The in-person conference at the Crawford’s Beach Lodge in Chintsa, South Africa. On Technology and Sexuality, from 2-3 September 2022.
Organised by Abraham Olivier, Andrea Hurst, Siseko Kumalo, Rafael Winkler
Confirmed Keynote Speakers: Talia Bettcher (California State University), Lynne Hall (University of Sunderland), zethu Matebeni (University of Fort Hare), M. John Lamola (University of Johannesburg)
Sexuality has become, if it has not always been, one of humanity’s preeminent concerns, especially once the belief emerges that it holds the key to personal identity. Consider Foucault’s critique of the Christian confessional: ‘tell me your desires, and I will tell you who you are’. What complicates matters is the place of technology in the contemporary world; the way it mediates both self/self and self/other interactions. Sherry Turkle puts it well when she remarks in Alone together that “technology proposes itself as the architect of our intimacies”.
At the mundane level, technology increasingly mediates sexuality, as sophisticated sex technology (sextech) becomes compact, affordable and available for private home use by content creators and consumers alike. As a result, the multi-billion-dollar sex industry drives innovation in audio-visual and digital technologies, as well as haptics and robotics; corporeal and online selves become blurred in digital avatars; and many turn to customised digital spaces and sex toys to explore onanistic and personal fantasies.
But has not sexuality more fundamentally and from the start been structured by a certain artifice, a language, code or ritual, a symbolism rich with fantasies of life and death, of natality and mortality, of sublime chaos and rebirth? Archaeology and anthropology reveal deep-seated cultural mediation of sexuality through technology. Painting and sculpture regularly mediate ritualistic and orgiastic acknowledgement of the sexual cycle, and its basic relation to life and death, mimicking the movement of the whole, from its descent into chaos (the loss of individuality or of the ego, the feeling of oneness, etc.) to the rebirth of order.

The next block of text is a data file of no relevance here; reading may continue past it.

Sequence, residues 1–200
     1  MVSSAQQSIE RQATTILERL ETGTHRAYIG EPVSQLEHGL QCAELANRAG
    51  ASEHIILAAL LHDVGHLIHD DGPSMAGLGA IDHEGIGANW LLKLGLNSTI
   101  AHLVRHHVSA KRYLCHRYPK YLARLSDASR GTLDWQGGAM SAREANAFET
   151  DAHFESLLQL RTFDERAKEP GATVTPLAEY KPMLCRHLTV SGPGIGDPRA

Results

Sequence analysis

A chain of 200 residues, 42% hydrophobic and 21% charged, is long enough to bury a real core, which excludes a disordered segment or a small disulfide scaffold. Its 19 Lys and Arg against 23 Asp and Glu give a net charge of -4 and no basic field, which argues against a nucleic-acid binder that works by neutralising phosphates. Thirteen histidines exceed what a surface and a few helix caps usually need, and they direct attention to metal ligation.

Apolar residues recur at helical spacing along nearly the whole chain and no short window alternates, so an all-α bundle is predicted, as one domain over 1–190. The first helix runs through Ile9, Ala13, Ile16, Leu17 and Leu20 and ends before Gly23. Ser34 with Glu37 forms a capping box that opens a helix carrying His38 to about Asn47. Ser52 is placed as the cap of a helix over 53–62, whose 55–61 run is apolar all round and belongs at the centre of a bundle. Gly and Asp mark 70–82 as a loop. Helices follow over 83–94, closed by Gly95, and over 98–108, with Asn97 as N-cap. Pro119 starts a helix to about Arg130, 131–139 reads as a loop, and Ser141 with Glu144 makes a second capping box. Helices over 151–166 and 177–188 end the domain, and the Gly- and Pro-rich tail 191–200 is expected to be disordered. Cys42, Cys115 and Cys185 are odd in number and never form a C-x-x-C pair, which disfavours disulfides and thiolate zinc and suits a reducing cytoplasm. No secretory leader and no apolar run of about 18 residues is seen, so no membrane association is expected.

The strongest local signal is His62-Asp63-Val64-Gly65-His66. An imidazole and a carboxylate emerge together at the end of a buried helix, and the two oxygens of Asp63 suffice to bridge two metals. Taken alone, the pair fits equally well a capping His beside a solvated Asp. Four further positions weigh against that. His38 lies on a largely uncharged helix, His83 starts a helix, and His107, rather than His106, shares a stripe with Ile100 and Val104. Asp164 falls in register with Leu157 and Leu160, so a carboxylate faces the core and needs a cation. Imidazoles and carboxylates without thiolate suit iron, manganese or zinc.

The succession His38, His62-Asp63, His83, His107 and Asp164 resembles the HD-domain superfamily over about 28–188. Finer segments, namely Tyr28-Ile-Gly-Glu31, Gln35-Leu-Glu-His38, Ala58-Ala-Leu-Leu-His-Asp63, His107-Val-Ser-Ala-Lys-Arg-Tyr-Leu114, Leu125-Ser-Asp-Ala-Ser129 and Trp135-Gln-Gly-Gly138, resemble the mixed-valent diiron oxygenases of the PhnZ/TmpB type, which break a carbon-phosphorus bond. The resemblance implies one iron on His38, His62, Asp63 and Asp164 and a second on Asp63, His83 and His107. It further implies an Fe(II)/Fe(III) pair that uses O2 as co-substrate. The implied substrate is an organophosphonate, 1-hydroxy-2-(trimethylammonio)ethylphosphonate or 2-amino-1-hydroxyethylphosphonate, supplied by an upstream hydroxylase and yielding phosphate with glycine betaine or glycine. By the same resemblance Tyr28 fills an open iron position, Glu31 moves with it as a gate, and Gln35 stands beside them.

Has technology, understood broadly as the use of tools and symbols, perhaps always been necessary to bring about this state of transcendence or transgression of the mundane and of the ego? Does contemporary sexuality retain this aim, or is the aim typically pleasure for the ego; the kind of pleasure that reinforces ego-integrity or unity rather than ego-loss? How is sexuality understood if technology – above all the audio-visual technology promoted by the porn industry – is designed to support onanistic fantasies? Is the porn industry transgressive of social norms and taboos? What of the sex industry’s primary focus on stimulation of body parts for pleasure, rather than genital union between whole persons for natural or social reproduction? Does sextech pervert the sexual relation? What about the marketing of electronic sex toys, designed not simply to procure the consumer ‘guaranteed pleasure’ but also provide, to the consumer and the company, feedback on arousal and orgasm? Does the sex industry, in league with modern scientific discourses and aided by sextech, strip sexuality of its transgressive significance? Has the modern technological (scientific and pornographic) representation of sexuality irrevocably changed our experience of sexuality? Does it reinforce or does it call into question the belief that the truth about ourselves lies within our sexual desire and fantasy?
The aim of the conference is to respond to some of these questions and to the imbrication of sexuality and technology and the way this affects how we think about ourselves as sexual beings. Topics may include, but are not limited to:
· Sextech and pornography
· Porn addiction
· Sex with robots
· Onanism and intimacy
· Sexual identity
· Sexuality and psychoanalytic theory
· Sexual expectation(s) and porn consumption
· Sextech and consent
· Sextech, objectification and/or perversion
· Sextech and racism
· Sextech and freedom
Second CFP: Submission
Please send a 300-word abstract for blind review to [email protected] or [email protected] and [email protected]. The full paper should be no more than 3500-4000 words for a 30 min. presentation. Proposals for panel discussion are also welcome.
The extended deadline for submission of abstracts is the 15th of July 2022. Notification of acceptance will be sent by the 30th of July 2022.
A live in-person event is realistically expected, but in case of unpredictable and extreme public health circumstances it will be moved online or to hybrid format.
The fee for the full two-day conference (including teas and lunches) for participants is R875 (including VAT). It is free of charge for all participating graduate and PhD students.
Contact Crawfords Beach Lodge: [email protected]. Also, consult Crawford’s for provision of transport from the airport to the conference venue.
For more information about the conference, please visit the website of the Centre for Phenomenology in South Africa: https://saphenomenology.wordpress.com. Alternatively, please contact Abraham Olivier ([email protected] or [email protected]), Andrea Hurst ([email protected]), Siseko Kumalo ([email protected]).